It was March 24, 1986, and a state dinner in honor of the visiting president of Finland was about to begin. But the seven members of Switzerland’s Executive Council, the Bundesrat, had to huddle together in a corner of a ballroom because of an emergency call: Credit Suisse
officers in Zurich had alerted the Swiss finance ministry that an effort to transfer hundreds of millions of US dollars out of Switzerland was underway, by agents of Ferdinand E. Marcos. In their huddle, the ministers decided to order an emergency freeze (in the words of Pieter Hoets and Sara Zwart in the NYLS Journal of International and Comparative Law in 1988, “on all assets held in Switzerland by Ferdinand Edralin Marcos, his family, and by persons or organizations close to him”) which ultimately had two effects: the first was that it “stunned Swiss bankers and foreign clients around the globe,” as both Swiss domestic and foreign opinion turned against Switzerland’s secrecy rules; and it made possible the decision by the Swiss Federal Supreme Court that contested Marcos money had criminal provenance and would be forfeited to the Republic of the Philippines, against the appeals of various Marcos foundations.
I unearthed this vivid vignette because of two articles that came out on the 20th of this month as inconvenient reminders about the saga of the Marcos billions. The first appeared in The Guardian. It was about a leak involving Credit Suisse, which involved a Who’s Who of the dishonest, including alleged fronts of the Marcoses (who themselves became the Poster Children of the Swiss-centered scheme of hiding the ownership of bank accounts behind pseudonyms). As the article put it, “It has long been known that Credit Suisse was one of the first banks to help the Marcoses ravage their own country and in one infamous episode even helped them open Swiss accounts under the fake names ‘William Saunders’ and ‘Jane Ryan’. In 1995, a Zurich court ordered Credit Suisse and another bank to return $500m of stolen funds to the Philippines.”
The second appeared in an article by Peter Reilly in Forbes.com. It was about the strange story of the estate of Harry Stonehill, which is still fighting a tax evasion case with the US government decades after the man himself died in 2002 (and approaching 60 years since Stonehill, a GI turned tycoon, was deported upon the orders of President Diosdado Macapagal when an investigation into his corruption threatened to implicate a Who’s Who of political potentates, including then Sen. Ferdinand E. Marcos). This detail caught my eye: A lawyer representing the Stonehill estate, in reciting their reasons for disputing the US government’s efforts to collect back taxes and penalties, pointed out, “Stonehill’s lawyer William Saunders, who initially represented Stonehill after the raids, was an informant who cooperated with the government.”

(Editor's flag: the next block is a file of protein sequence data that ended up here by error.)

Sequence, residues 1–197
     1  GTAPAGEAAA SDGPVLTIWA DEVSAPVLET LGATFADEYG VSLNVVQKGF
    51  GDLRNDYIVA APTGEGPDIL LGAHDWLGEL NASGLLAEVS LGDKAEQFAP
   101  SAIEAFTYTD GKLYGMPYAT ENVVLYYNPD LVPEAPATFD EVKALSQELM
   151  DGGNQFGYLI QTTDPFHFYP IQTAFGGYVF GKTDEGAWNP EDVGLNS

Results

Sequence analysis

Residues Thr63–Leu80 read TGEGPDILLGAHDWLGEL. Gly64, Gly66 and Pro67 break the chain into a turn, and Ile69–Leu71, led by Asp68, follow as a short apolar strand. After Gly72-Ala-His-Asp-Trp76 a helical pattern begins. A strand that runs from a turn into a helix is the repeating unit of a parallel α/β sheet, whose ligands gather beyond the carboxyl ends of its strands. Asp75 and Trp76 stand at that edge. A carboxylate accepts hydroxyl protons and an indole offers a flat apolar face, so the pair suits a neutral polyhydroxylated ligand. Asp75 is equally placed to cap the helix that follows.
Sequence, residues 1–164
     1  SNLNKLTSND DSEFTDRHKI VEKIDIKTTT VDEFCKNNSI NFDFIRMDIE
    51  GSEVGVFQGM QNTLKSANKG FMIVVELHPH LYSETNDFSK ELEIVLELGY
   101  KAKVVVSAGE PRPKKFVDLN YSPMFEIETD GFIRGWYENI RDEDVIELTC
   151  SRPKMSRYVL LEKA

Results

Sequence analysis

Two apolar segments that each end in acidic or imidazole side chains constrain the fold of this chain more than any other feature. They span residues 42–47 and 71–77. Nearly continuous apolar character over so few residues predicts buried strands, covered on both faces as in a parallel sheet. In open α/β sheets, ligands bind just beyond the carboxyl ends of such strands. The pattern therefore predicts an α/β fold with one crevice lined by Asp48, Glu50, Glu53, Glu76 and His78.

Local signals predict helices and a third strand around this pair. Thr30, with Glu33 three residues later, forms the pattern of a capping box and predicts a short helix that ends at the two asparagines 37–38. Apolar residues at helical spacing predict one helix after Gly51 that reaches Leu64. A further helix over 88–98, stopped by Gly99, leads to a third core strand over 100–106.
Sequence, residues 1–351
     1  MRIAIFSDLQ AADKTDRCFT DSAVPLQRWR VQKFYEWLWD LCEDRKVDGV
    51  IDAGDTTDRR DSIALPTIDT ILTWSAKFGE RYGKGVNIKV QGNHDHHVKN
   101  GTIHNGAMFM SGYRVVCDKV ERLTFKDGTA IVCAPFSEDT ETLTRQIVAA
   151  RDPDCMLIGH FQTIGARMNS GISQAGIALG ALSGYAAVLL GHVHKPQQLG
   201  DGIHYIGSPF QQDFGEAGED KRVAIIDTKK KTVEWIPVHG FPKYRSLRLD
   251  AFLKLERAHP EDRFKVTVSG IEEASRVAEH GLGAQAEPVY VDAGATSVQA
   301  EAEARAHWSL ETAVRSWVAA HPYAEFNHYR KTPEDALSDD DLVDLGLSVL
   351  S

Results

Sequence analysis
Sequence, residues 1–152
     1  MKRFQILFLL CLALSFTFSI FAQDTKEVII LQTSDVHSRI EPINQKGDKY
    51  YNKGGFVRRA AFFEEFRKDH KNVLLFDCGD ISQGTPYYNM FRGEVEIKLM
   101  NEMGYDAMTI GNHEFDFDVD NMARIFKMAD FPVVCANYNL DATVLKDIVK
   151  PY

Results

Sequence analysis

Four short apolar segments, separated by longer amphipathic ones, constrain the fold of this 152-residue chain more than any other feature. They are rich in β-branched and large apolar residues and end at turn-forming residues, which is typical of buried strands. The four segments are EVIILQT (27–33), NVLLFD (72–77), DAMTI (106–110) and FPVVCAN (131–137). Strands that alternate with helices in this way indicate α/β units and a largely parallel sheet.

Peter Reilly, when I mentioned this interesting tidbit, replied, “Saunders was Harry’s lawyer and tipped the IRS off that he had Swiss bank accounts. Saunders must have been quite wealthy when he died as his wife’s estate was litigated in Tax Court.” It turns out the story of William W. Saunders, deceased in 2003, is another of those endless instances of litigation between estates and the government (an interesting sidelight: Saunders was facing suits filed by the estate of Stonehill, on the basis of official documents revealing Saunders was an IRS informant).
But, again, the startling fact: Ferdinand E. Marcos, formerly entwined in a payola scandal with Harry Stonehill, who’d had, and gotten into trouble by a lawyer named William Saunders, ended up using, as his pseudonym for his first venture into the seemingly impenetrable world of Swiss secret private banking, the name of… William Saunders (then still very much alive, and practicing law).
Yet quite peculiarly, time and again the origin of this pseudonym has been explained away as an old, wartime-era code name that Marcos had used. Which only goes to show how his embroidering his wartime activities have withstood repeated scrutiny. For his part, Ambeth Ocampo, in a column on Marcos and his diaries, mentioned in passing a Marcosian “attempt at humor,” when he instructed his bankers in February 1970 that “In the event we would wish to make withdrawals, we will send you a cable with the words ‘Happy Birthday’ authenticating our message with the agreed-upon code.”
Nick Davies, in a definitive article in The Guardian on the Marcos billions in 2016, wrote that the Great Dictator-to-Be was “naïve in his crime” until “he and Imelda took their first steps to real secrecy on 20 March 1968, when they used false names to deposit $950,000 in four accounts with Credit Suisse, he as William Saunders (he practiced his new signature on the headed paper), she as Jane Ryan. By February 1970, the Swiss accounts were so loaded, the couple added an extra layer of concealment, transferring their ownership to foundations registered in Liechtenstein. Then Marcos started to get really clever.”
Consider this possibility. That, in embarking on his clever spree of salting dollars and bullion abroad, the same Marcosian wit that would use “happy birthday” as a code key had also hilariously decided on using the name of Harry Stonehill’s lawyer — he who narked on Stonehill and caused a political earthquake in Manila implicating Marcos — as his (Marcos’) secret name. How he must have chuckled